Psychology and research

Psychologists often use priming to study memory and the brain. Topics might relate to how the brain stores, retrieves and perceives information. As such, priming has contributed to new findings in research about Alzheimer's disease, including how the disease affects the brain.

Advertising and politics

Advertisers often employ cognitive and social psychology to get us to buy products or services, and priming is one of the ways they do so. Repetition and association often play a major role in how advertisers construct their campaigns. A few well-placed associations, the right colors, and some repetition may sell just about anything. That may be why priming is frequently used in print, audio, or video media. You may even see priming in politics as a politician tries to gain your vote.

Stress and depression

Positive priming can produce beneficial feelings and responses that can reduce stress, depression, and other mental health concerns. For this reason, priming can be helpful in therapy. When a client begins to associate therapy sessions with stress relief, their symptoms and quality of life may improve. If you've been to therapy before, you may have experienced priming. However, you may not have noticed because it's usually unconscious.


Yoga and meditation mantras can also serve as examples of priming at work. These motivational sayings are generally meant to elicit positive feelings and stress relief. They may work to prime the user for positivity. In addition, positive quotes can serve as a helpful tool to reinforce positive behavior. Each time a quote is repeated, the stimulus for positive thoughts may work to recall positive associations that have been made in the past.

Fears and anxiety

Exposure therapy can be another therapeutic method that uses priming. In this case, an individual may be exposed to something that causes them distress. This may happen all at once or gradually over time. After the individual has become used to the stimulus that causes their fear or anxiety, they may be primed to face it again in the future. In this way, priming may reduce unwanted reactions.


Addiction sometimes requires treatment from healthcare or mental health professionals, and priming might be used to ease the process. Priming can sometimes replace negative emotions and thoughts with positive ones, potentially empowering individuals to make positive changes in their lives. This approach may be particularly helpful for people who are recovering from a substance use disorder. In addition, negative priming might be used to create an aversion to an addictive substance or behavior.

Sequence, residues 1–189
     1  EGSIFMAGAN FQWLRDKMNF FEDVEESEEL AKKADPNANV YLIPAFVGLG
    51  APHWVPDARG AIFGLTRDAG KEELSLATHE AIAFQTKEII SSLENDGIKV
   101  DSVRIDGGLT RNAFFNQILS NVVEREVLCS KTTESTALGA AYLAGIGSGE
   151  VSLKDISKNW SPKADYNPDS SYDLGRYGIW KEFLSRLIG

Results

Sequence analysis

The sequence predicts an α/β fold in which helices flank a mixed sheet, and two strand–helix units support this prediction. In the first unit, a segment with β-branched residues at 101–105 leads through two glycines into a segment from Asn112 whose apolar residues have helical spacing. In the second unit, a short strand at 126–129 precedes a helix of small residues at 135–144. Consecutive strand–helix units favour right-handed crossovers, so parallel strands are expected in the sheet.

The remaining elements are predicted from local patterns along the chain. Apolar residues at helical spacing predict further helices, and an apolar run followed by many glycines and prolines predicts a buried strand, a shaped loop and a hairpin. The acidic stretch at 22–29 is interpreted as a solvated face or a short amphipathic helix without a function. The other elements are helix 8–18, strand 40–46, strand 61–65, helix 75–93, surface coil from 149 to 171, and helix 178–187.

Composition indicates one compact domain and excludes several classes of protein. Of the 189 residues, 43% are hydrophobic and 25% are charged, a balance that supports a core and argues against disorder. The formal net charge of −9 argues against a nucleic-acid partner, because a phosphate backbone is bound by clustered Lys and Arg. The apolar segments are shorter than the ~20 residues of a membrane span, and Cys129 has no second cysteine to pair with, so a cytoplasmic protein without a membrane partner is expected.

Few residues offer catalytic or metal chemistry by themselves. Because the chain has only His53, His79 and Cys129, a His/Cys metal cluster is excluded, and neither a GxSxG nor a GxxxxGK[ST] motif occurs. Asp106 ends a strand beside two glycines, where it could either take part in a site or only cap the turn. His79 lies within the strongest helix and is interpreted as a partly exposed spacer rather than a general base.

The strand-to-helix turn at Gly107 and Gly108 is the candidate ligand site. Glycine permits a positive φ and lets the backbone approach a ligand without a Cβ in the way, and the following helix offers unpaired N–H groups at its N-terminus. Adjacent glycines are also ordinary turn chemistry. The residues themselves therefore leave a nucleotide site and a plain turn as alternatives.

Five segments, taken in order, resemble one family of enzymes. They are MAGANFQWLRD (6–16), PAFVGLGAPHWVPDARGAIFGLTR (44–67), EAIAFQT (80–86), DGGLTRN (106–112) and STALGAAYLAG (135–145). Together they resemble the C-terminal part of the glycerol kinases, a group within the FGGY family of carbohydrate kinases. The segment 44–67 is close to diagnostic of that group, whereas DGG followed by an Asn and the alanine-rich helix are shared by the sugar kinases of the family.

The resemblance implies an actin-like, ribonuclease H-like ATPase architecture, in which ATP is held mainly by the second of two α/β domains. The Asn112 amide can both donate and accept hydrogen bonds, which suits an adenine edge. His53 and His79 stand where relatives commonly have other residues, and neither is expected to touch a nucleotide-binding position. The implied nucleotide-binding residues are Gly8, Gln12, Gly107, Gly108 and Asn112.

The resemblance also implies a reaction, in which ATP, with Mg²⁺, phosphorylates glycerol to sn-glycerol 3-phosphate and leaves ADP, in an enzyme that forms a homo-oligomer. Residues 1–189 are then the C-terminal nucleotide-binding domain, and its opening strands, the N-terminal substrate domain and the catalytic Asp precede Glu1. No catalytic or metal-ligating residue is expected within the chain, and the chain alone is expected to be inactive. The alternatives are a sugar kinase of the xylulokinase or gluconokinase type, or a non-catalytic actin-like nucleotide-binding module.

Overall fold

Memory training

Memory can be primed for many associations, which can provide an extra boost when you're studying. Research has shown that repetition and association usually increase a student's ability to recall all types of information. In fact, creating associations using rhythm or rhyme has been employed to educate children for hundreds of years.

Use priming to your advantage with online therapy

As mentioned previously, priming frequently happens unconsciously in our daily lives. However, it can be possible to consciously use this cognitive tool to shape positive behaviors or let go of negative ones. A licensed therapist may be able to help you determine how priming and other cognitive tools can help you reach your goals. If you’re not interested in visiting a therapist’s office, you might consider online therapy, which numerous studies have shown to be effective. 

With BetterHelp, you can connect with a licensed therapist through phone, live chat, or videoconferencing. Your therapist may be able to teach you priming techniques to use in various areas of life. If you have questions about priming or anything else in between sessions, you can contact your therapist at any time via in-app messaging, and they’ll get back to you as soon as they can.

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Learn how the priming effect can help you break bad habits

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Priming is a cerebral phenomenon that uses a stimulus to activate your memory for future encounters with that stimulus. Many types of priming can occur in daily life, such as response priming, kindness priming, and conceptual priming. Although priming often happens unconsciously, you may be able to consciously use it to boost your long-term memory and adjust your thoughts and habits. A licensed therapist may be able to help you accomplish this more effectively, whether in person or online. With BetterHelp, you can be matched with a licensed therapist who has knowledge and experience with the priming process. Take the first step toward using priming to your advantage and reach out to BetterHelp today.